We love to discuss us some “hustle” these days, especially in the startup/tech world. Everyone is hustling. It’s noble. Let’s deify it. Break your back trying to work harder than everyone else. Get that money.
** Puts rifle up to scrotum **
I’m not the first person to argue hustle is bullshit; this guy even did back in 2015:
Here’s the thing: everyone hustles. We’re all just trying to survive and to succeed in this life — whether that’s professionally or personally — and giving another person a lecture on the extent of your hustle is intentionally self-aggrandizing and wholly deluded. How about just shut up and work hard in silence like the rest of us? Is there a point to your hustle drivel outside of self-promotion? Can you not interrupt me with that shit when I’m trying to eat my pasta? How many times do I have to roll my eyes before you get the hint? Why did you say your girlfriend left you, again?
I will add my voice to this chorus, however.
What is this whole “hustle” deal really?
It’s just an extension of three things:
- Human beings aren’t very good at managing their time
- We love to be “busy” even if we’re not productive
- Workaholics are seen as a good, virtuous thing
Basically, the culture in America is often this: “Work kind of hard, but consistently convey to everyone in your sphere that you work super hard, even though in all likelihood your time management skills are a 3 on a 1–10 scale.”
That’s pretty much all “hustle” is.
What would be a better approach?
Here’s an example from a recent Dorie Clark article on HBR:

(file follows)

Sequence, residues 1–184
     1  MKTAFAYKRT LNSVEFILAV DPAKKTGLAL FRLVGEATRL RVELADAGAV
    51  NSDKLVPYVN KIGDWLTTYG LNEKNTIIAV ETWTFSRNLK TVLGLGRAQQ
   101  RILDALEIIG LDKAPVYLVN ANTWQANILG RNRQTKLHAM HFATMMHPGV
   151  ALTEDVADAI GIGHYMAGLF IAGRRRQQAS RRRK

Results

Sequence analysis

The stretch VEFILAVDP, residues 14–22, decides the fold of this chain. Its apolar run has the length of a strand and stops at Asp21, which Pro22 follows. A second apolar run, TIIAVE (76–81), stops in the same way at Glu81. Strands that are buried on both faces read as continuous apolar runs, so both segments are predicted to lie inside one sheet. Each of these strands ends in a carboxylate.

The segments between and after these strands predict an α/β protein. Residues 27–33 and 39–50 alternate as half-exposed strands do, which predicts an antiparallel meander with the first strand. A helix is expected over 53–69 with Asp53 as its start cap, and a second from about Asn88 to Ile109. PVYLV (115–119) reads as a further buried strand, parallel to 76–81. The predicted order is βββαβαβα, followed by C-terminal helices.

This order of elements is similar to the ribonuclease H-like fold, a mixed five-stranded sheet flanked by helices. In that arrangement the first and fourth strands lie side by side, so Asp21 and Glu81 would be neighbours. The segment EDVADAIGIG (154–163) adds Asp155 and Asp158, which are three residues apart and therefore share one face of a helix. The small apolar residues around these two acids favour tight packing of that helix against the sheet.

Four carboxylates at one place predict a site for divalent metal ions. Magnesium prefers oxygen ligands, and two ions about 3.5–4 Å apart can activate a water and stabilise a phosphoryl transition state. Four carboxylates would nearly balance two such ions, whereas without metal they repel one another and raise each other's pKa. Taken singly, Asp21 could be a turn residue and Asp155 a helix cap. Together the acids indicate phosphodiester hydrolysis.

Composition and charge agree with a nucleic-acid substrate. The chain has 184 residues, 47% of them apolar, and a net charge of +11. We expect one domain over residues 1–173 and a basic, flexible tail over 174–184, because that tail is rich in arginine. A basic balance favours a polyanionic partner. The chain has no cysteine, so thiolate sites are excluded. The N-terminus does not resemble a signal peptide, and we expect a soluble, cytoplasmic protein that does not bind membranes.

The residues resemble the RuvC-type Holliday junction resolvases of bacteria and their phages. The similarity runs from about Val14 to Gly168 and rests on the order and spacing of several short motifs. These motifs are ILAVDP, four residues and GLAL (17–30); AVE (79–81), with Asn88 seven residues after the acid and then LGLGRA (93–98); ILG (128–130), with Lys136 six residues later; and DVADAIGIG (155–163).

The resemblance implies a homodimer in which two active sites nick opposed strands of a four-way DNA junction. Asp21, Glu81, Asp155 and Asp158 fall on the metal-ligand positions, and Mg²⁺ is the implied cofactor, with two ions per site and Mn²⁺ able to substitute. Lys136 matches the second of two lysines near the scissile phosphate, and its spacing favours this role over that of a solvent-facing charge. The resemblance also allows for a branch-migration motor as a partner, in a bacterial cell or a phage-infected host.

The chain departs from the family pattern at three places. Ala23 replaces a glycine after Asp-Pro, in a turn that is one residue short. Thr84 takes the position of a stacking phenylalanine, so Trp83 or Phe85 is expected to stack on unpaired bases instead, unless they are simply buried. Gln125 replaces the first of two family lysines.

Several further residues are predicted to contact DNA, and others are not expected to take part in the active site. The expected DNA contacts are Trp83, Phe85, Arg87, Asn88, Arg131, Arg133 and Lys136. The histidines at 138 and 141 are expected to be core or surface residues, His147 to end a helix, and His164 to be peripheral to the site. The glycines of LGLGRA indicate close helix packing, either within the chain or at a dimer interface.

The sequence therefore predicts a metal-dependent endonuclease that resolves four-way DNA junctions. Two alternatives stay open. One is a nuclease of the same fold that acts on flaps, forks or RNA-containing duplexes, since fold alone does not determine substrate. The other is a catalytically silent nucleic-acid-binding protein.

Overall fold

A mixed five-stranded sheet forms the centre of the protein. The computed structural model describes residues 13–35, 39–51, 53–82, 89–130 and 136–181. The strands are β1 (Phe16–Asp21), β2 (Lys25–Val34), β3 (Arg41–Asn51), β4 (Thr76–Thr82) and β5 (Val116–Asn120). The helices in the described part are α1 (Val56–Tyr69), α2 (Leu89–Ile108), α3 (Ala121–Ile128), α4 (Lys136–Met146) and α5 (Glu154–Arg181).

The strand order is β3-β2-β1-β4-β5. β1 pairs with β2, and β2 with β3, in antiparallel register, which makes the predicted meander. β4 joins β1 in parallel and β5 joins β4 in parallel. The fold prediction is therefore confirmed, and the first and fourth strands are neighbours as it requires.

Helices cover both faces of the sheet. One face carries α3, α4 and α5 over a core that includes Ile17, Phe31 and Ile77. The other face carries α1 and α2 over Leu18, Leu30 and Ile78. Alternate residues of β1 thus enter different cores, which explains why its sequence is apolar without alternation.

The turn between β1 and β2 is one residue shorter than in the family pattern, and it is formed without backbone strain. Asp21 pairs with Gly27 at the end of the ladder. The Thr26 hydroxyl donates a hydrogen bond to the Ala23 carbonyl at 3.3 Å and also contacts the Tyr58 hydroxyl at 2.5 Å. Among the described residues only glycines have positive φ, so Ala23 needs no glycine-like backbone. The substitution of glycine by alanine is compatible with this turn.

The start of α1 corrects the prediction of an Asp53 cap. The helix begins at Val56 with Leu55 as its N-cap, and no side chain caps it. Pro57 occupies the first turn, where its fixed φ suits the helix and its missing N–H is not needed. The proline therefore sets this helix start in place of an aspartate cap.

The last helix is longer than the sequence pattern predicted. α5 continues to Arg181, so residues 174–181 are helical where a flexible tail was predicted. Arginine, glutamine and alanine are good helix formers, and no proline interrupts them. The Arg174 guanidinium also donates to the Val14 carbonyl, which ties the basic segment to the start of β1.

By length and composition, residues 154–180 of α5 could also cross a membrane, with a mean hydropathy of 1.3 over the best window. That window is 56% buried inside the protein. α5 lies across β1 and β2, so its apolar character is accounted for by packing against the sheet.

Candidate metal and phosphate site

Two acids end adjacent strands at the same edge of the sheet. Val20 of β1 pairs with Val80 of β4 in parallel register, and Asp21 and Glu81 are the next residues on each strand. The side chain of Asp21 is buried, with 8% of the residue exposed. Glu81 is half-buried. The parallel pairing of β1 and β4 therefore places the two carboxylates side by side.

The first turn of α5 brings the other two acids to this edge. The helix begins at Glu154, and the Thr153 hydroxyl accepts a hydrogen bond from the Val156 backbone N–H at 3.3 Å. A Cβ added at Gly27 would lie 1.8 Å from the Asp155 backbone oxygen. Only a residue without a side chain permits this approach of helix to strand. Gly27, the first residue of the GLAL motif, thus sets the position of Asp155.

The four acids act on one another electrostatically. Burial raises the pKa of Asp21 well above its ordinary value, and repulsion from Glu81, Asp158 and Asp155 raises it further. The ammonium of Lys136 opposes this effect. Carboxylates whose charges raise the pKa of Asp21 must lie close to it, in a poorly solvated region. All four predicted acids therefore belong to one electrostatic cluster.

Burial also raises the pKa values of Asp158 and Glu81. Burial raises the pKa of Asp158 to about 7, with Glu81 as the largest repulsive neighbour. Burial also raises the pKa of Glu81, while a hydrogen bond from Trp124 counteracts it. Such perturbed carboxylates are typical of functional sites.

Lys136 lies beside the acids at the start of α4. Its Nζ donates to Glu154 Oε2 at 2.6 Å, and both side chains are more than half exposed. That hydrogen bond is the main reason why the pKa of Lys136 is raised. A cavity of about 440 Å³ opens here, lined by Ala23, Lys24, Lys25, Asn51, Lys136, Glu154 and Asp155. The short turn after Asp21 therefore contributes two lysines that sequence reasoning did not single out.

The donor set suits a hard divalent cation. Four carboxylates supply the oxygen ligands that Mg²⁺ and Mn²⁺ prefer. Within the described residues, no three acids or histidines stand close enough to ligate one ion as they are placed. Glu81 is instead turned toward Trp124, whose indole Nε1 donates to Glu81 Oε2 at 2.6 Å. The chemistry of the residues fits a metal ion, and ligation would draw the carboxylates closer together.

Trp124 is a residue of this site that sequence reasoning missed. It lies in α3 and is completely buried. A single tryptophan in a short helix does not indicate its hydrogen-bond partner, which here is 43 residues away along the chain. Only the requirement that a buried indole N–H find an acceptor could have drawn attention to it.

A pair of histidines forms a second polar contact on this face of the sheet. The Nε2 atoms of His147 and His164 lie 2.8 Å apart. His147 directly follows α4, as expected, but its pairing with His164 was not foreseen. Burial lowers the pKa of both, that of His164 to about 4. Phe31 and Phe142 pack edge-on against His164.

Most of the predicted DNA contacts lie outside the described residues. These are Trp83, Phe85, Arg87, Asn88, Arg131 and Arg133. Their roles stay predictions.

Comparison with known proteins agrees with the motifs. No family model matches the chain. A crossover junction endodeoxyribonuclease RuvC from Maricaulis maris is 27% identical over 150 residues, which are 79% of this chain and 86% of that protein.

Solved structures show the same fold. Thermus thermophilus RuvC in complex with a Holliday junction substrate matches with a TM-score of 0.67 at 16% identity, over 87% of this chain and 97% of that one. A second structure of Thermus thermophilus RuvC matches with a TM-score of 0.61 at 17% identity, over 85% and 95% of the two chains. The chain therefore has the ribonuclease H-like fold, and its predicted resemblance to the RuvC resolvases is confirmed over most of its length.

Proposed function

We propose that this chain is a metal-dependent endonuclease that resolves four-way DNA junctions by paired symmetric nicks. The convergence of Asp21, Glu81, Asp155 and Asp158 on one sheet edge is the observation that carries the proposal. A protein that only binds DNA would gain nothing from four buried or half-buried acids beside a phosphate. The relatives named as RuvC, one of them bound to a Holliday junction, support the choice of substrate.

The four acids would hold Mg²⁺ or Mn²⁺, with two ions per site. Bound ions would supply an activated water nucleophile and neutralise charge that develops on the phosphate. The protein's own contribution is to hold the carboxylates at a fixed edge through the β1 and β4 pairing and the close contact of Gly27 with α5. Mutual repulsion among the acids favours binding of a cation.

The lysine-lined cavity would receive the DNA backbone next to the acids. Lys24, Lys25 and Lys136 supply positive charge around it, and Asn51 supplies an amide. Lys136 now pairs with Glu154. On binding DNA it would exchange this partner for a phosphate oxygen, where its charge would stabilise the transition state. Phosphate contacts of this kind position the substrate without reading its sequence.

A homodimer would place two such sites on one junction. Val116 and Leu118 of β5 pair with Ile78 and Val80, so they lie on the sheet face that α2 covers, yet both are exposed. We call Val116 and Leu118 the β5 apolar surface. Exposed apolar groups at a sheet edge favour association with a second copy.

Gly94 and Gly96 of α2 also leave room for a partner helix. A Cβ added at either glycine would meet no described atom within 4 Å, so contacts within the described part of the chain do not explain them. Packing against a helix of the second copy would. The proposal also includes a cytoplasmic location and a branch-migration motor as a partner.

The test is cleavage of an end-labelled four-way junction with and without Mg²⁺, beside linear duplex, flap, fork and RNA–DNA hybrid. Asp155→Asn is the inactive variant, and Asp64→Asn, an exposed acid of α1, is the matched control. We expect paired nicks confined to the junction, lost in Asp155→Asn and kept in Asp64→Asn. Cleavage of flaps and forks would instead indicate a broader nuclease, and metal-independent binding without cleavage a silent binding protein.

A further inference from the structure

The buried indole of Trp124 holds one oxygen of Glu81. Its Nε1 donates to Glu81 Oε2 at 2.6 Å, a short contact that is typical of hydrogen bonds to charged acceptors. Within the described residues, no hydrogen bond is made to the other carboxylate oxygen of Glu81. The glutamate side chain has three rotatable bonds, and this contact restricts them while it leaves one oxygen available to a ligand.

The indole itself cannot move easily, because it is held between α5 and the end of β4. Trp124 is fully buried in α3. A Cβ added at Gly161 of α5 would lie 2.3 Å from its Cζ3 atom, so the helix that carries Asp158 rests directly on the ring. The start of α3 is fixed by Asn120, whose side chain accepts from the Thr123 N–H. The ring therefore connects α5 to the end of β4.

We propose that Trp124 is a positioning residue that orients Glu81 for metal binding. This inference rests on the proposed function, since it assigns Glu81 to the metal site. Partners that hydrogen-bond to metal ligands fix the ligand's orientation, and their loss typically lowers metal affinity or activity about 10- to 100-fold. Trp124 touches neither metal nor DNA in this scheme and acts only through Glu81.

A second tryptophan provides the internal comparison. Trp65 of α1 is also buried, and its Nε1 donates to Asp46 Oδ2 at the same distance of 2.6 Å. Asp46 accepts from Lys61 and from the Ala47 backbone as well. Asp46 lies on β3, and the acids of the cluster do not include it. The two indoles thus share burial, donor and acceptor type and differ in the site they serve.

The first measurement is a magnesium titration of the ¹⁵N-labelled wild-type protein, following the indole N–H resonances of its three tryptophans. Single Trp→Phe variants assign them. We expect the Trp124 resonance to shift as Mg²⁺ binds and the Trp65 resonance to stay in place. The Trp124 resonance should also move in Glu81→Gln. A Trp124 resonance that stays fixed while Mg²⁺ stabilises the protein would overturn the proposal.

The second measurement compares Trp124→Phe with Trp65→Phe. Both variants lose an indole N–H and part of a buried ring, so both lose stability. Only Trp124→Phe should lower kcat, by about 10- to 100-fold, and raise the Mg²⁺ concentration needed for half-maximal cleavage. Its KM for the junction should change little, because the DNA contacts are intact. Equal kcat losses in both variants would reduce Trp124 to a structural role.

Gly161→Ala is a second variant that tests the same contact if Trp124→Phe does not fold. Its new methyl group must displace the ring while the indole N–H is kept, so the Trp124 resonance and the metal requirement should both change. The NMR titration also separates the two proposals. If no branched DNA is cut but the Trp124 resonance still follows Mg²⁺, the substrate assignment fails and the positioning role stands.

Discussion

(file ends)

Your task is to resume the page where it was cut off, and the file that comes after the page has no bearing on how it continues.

Michael Bungay Stanier, the author of The Coaching Habit, hardly knew anyone when he moved to Toronto, and he asked his friends for help. Melissa knew Lindsay, who knew David, who knew Nancy, an HR executive at a local bank. After this circuitous chain of introductions, Bungay Stanier invited Nancy to attend one of his workshops, and at lunchtime, he recalls, “She pulls me aside and says, ‘Brilliant. You know what, I was just about to sign a contract with a different vendor, but I’ve decided I want you to do our coaching program. Can you give me a contract by tomorrow . . . [and] can you invoice us for $100,000?’” It was four degrees of separation, but the relationship Bungay Stanier developed with Nancy proved invaluable.
Here’s what happened in that story: a dude put in the work — i.e. tried to extend his network in a new area — and got a six-figure contract. That’s the reality of everything. You slog, slog, slog, slog, slog, have awful bosses, work on low-context projects, have no idea what’s happening, outreach, outreach, outreach and eventually there it is. That’s life. It’s not “hustle.” It’s putting up the bar.
The other thing that anecdote underscores is the power of weak ties.
Can we get rid of the “hustle” concept?
Absolutely not. Dude bros who can code and want to be seen as world-builders with their copied startup idea will always attach themselves to the popular vocab of the time, which would currently include “hustle.”
But it’s trite bullshit. We all work hard. We all try to put on the deck. And we’re all varying degrees of successful on that front. Fuck “hustle.” Just try to get through and be as productive as possible.
Thoughts on the “hustle” culture?